To determine if inadequate approaches to randomized controlled trial design and execution are associated with evidence of bias in estimating treatment effects. An observational study in which we assessed the methodological quality of 250 controlled trials from 33 meta-analyses and then analyzed, using multiple logistic regression models, the associations between those assessments and estimated treatment effects. Meta-analyses from the Cochrane Pregnancy and Childbirth Database. The associations between estimates of treatment effects and inadequate allocation concealment, exclusions after randomization, and lack of double-blinding. Compared with trials in which authors reported adequately concealed treatment allocation, trials in which concealment was either inadequate or unclear (did not report or incompletely reported a concealment approach) yielded larger estimates of treatment effects (P < .001). Odds ratios were exaggerated by 41% for inadequately concealed trials and by 30% for unclearly concealed trials (adjusted for other aspects of quality). Trials in which participants had been excluded after randomization did not yield larger estimates of effects, but that lack of association may be due to incomplete reporting. Trials that were not double-blind also yielded larger estimates of effects (P = .01), with odds ratios being exaggerated by 17%. This study provides empirical evidence that inadequate methodological approaches in controlled trials, particularly those representing poor allocation concealment, are associated with bias. Readers of trial reports should be wary of these pitfalls, and investigators must improve their design, execution, and reporting of trials.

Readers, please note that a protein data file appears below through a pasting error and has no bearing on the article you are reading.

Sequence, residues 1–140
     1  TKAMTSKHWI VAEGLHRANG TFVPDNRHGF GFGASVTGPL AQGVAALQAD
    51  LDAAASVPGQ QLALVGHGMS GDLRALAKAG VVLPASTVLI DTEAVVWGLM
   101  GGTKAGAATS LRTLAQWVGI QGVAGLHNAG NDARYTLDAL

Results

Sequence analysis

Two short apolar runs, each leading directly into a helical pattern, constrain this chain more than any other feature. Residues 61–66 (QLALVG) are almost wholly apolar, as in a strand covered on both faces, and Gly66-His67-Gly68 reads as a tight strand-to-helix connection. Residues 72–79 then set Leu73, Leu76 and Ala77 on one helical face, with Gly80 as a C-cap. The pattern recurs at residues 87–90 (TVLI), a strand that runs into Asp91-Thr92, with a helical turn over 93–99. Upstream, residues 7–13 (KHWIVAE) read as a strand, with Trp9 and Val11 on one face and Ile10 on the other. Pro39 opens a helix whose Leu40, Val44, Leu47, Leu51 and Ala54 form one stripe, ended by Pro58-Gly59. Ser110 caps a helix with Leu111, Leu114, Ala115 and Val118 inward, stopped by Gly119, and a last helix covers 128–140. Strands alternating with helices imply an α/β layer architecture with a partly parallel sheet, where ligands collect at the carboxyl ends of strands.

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              Exercise interventions for cognitive function in adults older than 50: a systematic review with meta-analysis

              Physical exercise is seen as a promising intervention to prevent or delay cognitive decline in individuals aged 50 years and older, yet the evidence from reviews is not conclusive.
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                Author and article information

                Contributors
                Role: ConceptualizationRole: Data curationRole: Formal analysisRole: MethodologyRole: VisualizationRole: Writing – original draftRole: Writing – review & editing